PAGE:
There is an array of knowledge on the World Wide Web about instructional design and for any beginner stepping into this field, it can be overwhelming. Some of the information is pretty much common sense but there is a wealth of it that can be extremely useful to new, and even veteran, designers. Some of these blogs will appeal to the avid reader and others to the visual learner. All in all there is something for everyone. Instructional design is one of those fields where change is imminent and so it is necessary to keep up to date with theories and trends. Check out the following blogs and web resources:
This e-learning blog really explains what instructional design is all about. The user friendly interface really connects the reader to the blog. It contains a really good video to make a valid point about how instructional designers need to ensure learners know how to make sense of information. The blog really explores the role of the instructional designer and the information is broken down into sections. Each section is summarized with a key point. What is really useful about this blog is that it leads to other blogs about instructional design. Some of the ones worth exploring are:
The blog also has some excellent links to instructional design resources which leads to some pretty interesting blogs and blog posts. If you’re looking for something user friendly and manageable then this is worth a look.
This web resource is a very thorough explanation of the ADDIE system. There are various systems that instructional designers can use to create and deliver their course content and ADDIE is one of them. The wonderful thing about this website is the homepage provides an ‘at a glance’ table of ADDIE. Immediately it can be seen how this model can be used from the preplanning stage of the program to the evaluation stage. The website is broken down into pages; each page explores an aspect of ADDIE. What I love particularly about this website is that it leads to many other websites. It covers everything from learning theories to copyright laws. This web resource isn’t just for the novice; even accomplished designers will be surprised at the range of information that can be found. Do not be put off by the layout of the website; the information certainly makes up for it.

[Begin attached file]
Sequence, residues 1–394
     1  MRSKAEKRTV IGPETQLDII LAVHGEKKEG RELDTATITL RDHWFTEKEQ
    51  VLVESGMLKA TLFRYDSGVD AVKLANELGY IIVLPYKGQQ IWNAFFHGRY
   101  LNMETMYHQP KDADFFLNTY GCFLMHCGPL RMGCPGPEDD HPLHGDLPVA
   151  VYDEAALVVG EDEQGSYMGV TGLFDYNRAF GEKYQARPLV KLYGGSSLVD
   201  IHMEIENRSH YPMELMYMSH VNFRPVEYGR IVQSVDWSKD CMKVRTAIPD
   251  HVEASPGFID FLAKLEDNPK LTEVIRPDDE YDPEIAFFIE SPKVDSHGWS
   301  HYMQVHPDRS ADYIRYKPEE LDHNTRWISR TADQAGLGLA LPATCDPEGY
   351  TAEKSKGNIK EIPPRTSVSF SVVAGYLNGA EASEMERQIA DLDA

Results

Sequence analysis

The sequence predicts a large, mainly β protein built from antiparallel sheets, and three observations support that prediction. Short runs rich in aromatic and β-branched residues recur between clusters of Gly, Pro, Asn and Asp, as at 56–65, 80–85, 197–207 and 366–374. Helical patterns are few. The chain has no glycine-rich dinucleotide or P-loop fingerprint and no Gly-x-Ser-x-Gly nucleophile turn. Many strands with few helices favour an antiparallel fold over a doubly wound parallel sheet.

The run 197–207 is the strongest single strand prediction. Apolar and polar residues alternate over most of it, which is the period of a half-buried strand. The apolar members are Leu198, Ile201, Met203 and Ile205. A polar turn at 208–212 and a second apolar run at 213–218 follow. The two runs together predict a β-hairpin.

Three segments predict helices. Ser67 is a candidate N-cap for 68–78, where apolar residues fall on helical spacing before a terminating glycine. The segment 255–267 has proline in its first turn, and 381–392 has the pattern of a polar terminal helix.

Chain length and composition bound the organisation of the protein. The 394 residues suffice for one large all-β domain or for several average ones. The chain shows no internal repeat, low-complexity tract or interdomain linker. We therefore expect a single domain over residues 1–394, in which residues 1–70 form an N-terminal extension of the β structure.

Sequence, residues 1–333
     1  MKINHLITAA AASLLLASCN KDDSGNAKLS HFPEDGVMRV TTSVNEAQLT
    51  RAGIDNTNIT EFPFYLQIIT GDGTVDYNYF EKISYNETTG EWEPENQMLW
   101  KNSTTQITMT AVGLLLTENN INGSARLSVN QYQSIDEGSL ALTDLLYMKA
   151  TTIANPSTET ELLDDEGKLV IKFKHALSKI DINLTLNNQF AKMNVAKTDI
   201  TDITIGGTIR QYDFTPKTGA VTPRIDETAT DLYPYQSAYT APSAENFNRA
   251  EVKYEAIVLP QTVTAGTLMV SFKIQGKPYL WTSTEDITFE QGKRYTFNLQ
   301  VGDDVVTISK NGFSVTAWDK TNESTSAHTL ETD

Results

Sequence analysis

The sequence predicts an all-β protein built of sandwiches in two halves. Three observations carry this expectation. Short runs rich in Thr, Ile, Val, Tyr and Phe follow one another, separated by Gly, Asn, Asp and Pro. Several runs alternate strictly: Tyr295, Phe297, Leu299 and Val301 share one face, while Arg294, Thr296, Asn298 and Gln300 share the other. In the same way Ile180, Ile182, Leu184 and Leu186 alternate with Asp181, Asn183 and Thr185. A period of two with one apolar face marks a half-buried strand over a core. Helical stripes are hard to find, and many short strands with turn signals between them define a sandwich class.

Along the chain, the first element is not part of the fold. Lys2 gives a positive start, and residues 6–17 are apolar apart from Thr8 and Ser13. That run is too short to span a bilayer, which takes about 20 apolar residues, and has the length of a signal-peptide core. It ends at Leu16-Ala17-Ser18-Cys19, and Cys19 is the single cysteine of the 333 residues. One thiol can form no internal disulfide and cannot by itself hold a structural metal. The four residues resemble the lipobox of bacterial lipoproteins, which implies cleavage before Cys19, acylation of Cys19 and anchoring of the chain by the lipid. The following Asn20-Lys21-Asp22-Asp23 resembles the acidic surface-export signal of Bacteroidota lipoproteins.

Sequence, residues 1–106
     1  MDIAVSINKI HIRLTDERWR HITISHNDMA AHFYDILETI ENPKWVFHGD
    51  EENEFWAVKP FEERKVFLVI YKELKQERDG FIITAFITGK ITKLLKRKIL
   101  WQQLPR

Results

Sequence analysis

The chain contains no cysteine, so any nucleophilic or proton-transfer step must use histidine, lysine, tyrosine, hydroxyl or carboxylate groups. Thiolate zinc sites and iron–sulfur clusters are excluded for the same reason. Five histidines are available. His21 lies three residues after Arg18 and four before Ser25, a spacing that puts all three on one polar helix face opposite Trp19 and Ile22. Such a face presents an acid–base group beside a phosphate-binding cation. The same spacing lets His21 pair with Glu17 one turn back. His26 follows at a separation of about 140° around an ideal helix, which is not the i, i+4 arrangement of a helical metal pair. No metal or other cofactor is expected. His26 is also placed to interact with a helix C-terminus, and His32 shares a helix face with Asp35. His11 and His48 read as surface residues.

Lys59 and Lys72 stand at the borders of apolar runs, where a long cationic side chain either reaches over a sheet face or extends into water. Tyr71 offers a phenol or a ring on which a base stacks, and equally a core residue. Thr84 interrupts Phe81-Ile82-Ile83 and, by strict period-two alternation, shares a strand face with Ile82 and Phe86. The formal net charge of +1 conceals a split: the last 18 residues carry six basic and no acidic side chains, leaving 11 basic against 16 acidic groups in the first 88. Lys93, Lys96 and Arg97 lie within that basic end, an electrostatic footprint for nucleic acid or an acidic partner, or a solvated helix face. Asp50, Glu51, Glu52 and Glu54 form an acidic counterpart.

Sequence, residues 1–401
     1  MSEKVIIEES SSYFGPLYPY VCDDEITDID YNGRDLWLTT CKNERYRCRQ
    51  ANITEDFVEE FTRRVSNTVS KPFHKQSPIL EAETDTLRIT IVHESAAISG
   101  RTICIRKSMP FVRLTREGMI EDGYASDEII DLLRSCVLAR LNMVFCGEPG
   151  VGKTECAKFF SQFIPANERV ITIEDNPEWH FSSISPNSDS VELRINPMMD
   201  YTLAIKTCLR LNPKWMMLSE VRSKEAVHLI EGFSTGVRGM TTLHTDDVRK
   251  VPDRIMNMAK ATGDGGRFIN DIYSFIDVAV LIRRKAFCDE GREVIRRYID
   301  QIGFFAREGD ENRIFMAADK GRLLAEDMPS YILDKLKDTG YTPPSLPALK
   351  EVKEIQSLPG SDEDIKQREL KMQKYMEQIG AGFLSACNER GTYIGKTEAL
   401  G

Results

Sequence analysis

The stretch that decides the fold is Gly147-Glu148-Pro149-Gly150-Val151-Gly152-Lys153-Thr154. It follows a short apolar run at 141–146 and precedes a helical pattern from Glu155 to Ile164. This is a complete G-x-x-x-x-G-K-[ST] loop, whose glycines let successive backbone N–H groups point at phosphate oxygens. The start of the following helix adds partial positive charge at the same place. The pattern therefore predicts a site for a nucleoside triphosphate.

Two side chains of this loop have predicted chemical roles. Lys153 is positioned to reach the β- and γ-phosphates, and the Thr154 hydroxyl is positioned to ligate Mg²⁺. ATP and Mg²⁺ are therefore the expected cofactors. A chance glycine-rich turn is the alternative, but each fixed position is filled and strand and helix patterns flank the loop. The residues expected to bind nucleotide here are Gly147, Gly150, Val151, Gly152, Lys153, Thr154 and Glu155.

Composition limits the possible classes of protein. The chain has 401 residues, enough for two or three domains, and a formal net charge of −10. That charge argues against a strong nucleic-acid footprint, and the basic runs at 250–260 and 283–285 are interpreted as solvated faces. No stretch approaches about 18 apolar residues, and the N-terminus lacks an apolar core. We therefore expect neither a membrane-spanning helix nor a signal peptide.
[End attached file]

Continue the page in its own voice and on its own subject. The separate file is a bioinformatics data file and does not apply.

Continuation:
Although the thirty online resources blog is mostly common sense advice, there is an extensive list for the veteran instructional designer. There are some links embedded in the blog. However, some of these do not work but the ones that do, lead to some very valuable resources. The list of resources covers ways to improve learning and also technology that can assist the instructional designer. It is worth checking out for the resources.
This web resource is for those who want extensive details about instructional technology. It offers links to hundreds of other sites and maybe a good starting point for those who want to look at various learning theories to help design a program. The website also covers the following important areas such as instructional technology.
Whatever the needs of the instructional designer, these blogs and web resources should keep everyone satisfied.